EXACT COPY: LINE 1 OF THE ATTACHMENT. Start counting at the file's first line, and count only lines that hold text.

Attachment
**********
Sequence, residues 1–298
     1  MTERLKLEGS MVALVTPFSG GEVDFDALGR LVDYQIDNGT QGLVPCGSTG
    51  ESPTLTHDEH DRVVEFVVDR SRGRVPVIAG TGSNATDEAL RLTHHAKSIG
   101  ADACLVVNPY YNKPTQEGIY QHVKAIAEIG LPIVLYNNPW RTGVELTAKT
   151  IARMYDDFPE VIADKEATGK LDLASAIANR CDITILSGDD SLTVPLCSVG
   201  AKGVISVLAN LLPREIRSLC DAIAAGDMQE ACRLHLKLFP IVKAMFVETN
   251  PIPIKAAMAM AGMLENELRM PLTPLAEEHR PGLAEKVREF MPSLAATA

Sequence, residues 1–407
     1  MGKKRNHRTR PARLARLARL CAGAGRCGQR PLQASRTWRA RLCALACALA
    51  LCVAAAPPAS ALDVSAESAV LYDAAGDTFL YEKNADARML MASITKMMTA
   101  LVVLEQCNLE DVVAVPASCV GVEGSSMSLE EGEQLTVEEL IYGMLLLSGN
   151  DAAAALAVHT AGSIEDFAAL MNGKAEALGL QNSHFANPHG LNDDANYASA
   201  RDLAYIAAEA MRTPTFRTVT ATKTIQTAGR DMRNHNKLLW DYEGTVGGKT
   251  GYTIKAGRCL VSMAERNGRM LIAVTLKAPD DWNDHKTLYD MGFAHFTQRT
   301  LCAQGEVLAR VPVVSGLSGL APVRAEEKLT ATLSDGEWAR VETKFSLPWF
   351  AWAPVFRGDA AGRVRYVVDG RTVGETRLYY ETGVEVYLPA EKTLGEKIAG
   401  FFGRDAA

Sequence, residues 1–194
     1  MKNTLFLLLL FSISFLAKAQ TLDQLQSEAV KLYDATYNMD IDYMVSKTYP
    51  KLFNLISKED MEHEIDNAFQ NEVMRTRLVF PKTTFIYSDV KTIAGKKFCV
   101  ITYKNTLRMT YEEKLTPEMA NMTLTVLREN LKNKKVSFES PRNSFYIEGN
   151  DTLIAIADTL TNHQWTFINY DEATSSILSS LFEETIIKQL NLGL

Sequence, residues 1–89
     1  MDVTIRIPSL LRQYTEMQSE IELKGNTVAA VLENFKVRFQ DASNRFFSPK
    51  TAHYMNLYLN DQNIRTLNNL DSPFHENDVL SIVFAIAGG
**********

Sequence, residues 1–298